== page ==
Outcome definition

Two separate outcomes were defined, a positive history of falling, and the presence of orthostatic hypotension respectively. Fall incidents were defined as coming to rest unintentionally on the ground or a lower level with or without losing consciousness [20]. A positive falls history was defined as occurrence of a fall incident within the past 12 months.
Orthostatic hypotension was defined as a decrease of 20 mmHg in systolic and/or 10 mmHg in diastolic blood pressure on standing [21]. Blood pressure and pulse rate were measured with a Datascope Accutorr Plus NIBP with Trend Screen (Datascope Corp., USA). This device has demonstrated acceptable accuracy and precision for measuring blood pressure [22, 23].

Statistical analysis

We created three groups of patients: a group on eye drops with beta-blocker (without prostaglandin), a group on combination therapy (with prostaglandin) and, as the reference group, the group on prostaglandins. In the analyses, we combined the beta-blocker and the combination group as one group of beta-blocker users. Baseline differences between the subgroups were tested using an independent t-test and a chi-square test.
We analyzed the association of falling and the use of beta-blocker eye drops using a binary logistic regression model, and calculated odds ratios with corresponding 95% confidence intervals, which can be interpreted as estimators of relative risks. The results were adjusted for age, gender and number of fall-risk-increasing drugs (FRID). FRID included psychotropic drugs (sedatives, antidepressants, neuroleptics), cardiovascular drugs [antihypertensives (including oral beta-blockers), nitrates, anti-arrhytmics] and analgesics, hypoglycemics and urinary antispasmodics [14].
For differences in blood pressure and pulse rate between the mentioned groups we used the Student’s t-test. Analyses were performed using SPSS (Statistical Package for the Social Sciences) 15.0.0 (SPSS Inc., Chicago, IL, USA; 2006).

Results

Of the 286 eligible subjects, 148 agreed and were able to participate in the time-frame of our study (mean age 73.7 years, range 61–91 years). The other 138 patients could either not be contacted (N = 56), or were unable to participate for several reasons: too difficult to get to the clinic (N = 27), illness (N = 17), poor command of the Dutch language (N = 5), unknown (N = 13), other reasons (N = 20). The non-responders were on average 3 years older (p = 0.002 adjusted for gender).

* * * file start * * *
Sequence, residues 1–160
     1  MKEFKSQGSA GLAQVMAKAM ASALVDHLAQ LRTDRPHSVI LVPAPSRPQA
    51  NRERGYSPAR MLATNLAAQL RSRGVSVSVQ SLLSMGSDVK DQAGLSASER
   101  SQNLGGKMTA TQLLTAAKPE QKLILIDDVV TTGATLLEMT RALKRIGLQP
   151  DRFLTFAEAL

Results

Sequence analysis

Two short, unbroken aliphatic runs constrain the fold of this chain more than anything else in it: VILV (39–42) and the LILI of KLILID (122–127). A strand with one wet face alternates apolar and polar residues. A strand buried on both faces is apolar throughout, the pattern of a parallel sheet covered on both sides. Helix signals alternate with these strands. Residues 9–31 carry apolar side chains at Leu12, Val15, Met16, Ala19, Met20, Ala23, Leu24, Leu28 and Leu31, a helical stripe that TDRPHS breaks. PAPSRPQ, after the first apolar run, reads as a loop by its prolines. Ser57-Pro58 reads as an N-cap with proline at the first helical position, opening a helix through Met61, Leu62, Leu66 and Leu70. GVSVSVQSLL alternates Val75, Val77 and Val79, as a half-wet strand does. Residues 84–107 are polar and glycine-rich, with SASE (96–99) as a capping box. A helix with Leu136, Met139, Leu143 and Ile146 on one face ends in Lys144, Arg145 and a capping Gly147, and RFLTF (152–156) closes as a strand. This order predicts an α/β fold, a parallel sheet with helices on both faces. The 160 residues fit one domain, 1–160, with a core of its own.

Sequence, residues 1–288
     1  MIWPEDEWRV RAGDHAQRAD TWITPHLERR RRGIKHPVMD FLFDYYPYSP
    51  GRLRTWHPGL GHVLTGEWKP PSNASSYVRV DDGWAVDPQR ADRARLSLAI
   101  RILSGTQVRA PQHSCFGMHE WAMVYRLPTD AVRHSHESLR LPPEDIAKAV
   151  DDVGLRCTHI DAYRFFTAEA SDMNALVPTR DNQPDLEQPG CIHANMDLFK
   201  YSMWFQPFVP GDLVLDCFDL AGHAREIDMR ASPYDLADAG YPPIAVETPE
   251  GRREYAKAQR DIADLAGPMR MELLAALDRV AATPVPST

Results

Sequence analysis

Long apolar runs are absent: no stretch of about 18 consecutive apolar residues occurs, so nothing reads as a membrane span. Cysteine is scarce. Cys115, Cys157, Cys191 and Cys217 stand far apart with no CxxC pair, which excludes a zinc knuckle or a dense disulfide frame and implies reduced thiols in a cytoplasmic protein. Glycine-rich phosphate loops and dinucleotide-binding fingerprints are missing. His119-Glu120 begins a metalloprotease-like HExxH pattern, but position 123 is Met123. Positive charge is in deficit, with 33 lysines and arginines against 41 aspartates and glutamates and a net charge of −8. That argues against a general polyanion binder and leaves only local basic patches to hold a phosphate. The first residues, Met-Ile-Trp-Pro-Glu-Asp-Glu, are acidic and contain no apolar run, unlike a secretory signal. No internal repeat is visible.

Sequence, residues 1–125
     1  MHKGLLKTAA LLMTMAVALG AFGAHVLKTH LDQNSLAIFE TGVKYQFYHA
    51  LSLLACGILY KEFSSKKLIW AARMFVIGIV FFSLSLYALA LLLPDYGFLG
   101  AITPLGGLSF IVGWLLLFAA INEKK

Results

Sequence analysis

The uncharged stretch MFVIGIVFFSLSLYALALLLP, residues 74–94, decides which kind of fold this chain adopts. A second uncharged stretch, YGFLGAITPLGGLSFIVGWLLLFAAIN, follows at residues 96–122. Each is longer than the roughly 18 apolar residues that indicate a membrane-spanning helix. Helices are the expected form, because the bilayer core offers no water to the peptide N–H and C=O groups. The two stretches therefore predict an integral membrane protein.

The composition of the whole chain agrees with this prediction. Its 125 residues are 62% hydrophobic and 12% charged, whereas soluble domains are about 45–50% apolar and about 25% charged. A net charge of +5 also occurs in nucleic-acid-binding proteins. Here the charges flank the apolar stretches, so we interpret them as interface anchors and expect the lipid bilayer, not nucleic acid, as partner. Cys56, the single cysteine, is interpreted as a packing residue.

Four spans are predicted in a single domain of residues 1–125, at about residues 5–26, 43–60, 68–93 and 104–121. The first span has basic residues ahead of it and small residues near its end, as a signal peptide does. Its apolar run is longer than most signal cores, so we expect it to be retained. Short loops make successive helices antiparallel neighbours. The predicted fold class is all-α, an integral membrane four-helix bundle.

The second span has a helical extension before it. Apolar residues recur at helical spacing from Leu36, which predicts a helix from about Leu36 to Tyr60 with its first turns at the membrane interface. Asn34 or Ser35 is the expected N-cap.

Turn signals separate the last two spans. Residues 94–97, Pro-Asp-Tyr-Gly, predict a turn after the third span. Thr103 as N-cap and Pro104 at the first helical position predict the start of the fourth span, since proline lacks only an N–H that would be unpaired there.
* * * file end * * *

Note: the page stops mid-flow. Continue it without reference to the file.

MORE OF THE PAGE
The patients’ general characteristics are shown in Table 1. The mean duration of usage of topical ophthalmic medication without changes in prescription was 2.87 years (range 1–13 years). Figure 1 shows the type and percentages of topical medications in our study.
Table 1
General characteristics of participants (N = 148 ophthalmology outpatients)
 
Prostaglandin
Beta-blocker
Combination
Total
P-value**
 
N
% (s.d.)
N
% (s.d.)
N
% (s.d.)
N
%
Responders
 N
63
42.6%
36
24.3%
49
33.1%
148
100.0%
0.07
 N female
22
34.9%
25
69.4%
26
53.1%
73
49.3%
<0.01
 Mean age
75.4
(6.79)
72.1
(7.26)
72.5
(6.64)
73.7
(6.98)
0.01
 Mean Body Mass Index
25.5
(4.2)
26.2
(3.0)
26.3
(4.1)
25.9
(3.92)
0.22
 Mean medication usage*
5.6
(3.8)
4.5
(3.0)
4.9
(2.6)
5.1
(3.3)
0.12
 Mean nr. of FRID
2.3
(2.5)
1.7
(1.6)
1.9
(2.1)
2.0
(2.2)
0.20
 N using oral beta-blocker
19
27.8%
10
30.2%
12
24.5%
41
27.7%
0.57
 N ocular hypertension
28
44.4%
18
50.0%
9
18.4%
55
37.2%
0.11
 Visual acuity***
0.7
(0.3)
0.8
(0.3)
0.7
(0.3)
0.7
(0.3)
0.63
 Negative mean deviation***
6.0
(6.4)
5.3
(6.2)
10.3
(8.0)
7.2
(7.2)
0.13
Non-responders
 N
45
32.6%
24
17.4%
69
50.0%
138
100.0%
<0.01
 N female
29
64.4%
14
58.3%
43
62.3%
86
62.3%
0.72
 Mean age
76.0
(8.30)
75.9
(8.48)
77.4
(7.82)
76.7
(8.06)
0.52
FRID = fall-risk-increasing drugs; s.d. = standard deviation; * = including eye drops; ** = p-values for differences between prostaglandin group and beta-blocker (including combination) group; *** = most severe eye selected
Of the 148 subjects, 41 (27.7%) reported at least one fall in the past year. Of those, 19 (12.8%) were multiple fallers, of whom nine used beta-blocker eye drops. Prevalence of falling was not significantly different between men and women [odds ratio (OR) for females 1.39; 95% confidence interval (CI): 0.664–2.909 compared to males; adjusted for age and number of FRID].
Mean number of prescribed drugs used by subjects, including injections (insulin, vitamin B-12) and eye drops, was 5.09 (range 1–16). The risk of a positive falls history did not increase with the number of different medications used. Mean number of FRID use was 2.02 (range 0–12). We found a significant higher risk of falling for the number of FRIDs (OR 1.20; 95% CI: 1.017–1.407 adjusted for age and gender), but not specifically for the ophthalmic medication under study.